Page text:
Development of scoring criteria for the clock drawing task in Alzheimer's disease

J Am Geriatr Soc. 1992 Nov;40(11):1095-9. doi: 10.1111/j.1532-5415.1992.tb01796.x.


Objective: To investigate the reliability and validity of free-hand clock drawings, a frequently used measure of constructional apraxia, in patients with Alzheimer's disease.

Design: Survey for the purpose of testing reliability and validity of a new scale.

Setting: Memory Disorder Clinic at a university-affiliated hospital in the Upper Midwest.

Patients: Forty-six patients were diagnosed with clinically probable dementia of the Alzheimer type after a dementia evaluation, and 26 normal elderly controls were research volunteers without a history of cognitive dysfunction.

Measurements: Neuropsychological tests, dementia-related scales, and clock drawings rated by a new 20-item Clock Drawing Interpretation Scale. Reliability measures, correlations, and clustering of items in the CDIS.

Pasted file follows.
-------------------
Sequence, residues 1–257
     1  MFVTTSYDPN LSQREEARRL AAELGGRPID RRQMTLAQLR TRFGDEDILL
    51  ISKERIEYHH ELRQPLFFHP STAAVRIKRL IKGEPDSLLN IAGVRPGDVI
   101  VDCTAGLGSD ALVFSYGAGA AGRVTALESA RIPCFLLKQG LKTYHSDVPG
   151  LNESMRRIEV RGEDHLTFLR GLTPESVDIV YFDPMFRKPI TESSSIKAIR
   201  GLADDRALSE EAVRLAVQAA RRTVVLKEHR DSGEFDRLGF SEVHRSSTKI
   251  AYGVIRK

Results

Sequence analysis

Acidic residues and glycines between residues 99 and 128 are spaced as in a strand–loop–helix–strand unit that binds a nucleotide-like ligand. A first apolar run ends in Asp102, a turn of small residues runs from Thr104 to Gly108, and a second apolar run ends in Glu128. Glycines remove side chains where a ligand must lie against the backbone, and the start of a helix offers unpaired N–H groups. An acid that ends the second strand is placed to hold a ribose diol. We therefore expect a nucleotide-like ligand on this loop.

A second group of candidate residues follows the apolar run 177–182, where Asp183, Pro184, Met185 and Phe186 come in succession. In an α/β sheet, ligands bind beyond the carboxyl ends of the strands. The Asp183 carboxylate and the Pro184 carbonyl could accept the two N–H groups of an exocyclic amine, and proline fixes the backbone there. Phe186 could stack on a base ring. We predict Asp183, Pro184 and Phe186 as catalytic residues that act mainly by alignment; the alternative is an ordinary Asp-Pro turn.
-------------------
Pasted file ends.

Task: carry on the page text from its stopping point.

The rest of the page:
Results: The CDIS had inter-rater reliability (r = .94), internal consistence (rtt = .95), and reproducibility over a 6-month interval. CDIS scores were significantly correlated with two dementia-related scales and all neuropsychological tests and had the highest correlations with other measures of constructional apraxia. All but four Alzheimer patients (91%) and none of the controls had CDIS scores of 18 or less.

Conclusion: Clinicians may reliably screen patients with Alzheimer's disease with the clock-drawing task, a measure sensitive to deficits in constructional apraxia.

MeSH terms

  • Activities of Daily Living
  • Aged
  • Aged, 80 and over
  • Alzheimer Disease / complications
  • Alzheimer Disease / diagnosis*
  • Alzheimer Disease / epidemiology
  • Apraxias / diagnosis*
  • Apraxias / epidemiology
  • Apraxias / etiology
  • Art*
  • Evaluation Studies as Topic
  • Female
  • Humans
  • Male
  • Mass Screening
  • Mental Status Schedule / standards
  • Middle Aged
  • Neuropsychological Tests / standards*
  • Observer Variation
  • Reproducibility of Results
  • Sensitivity and Specificity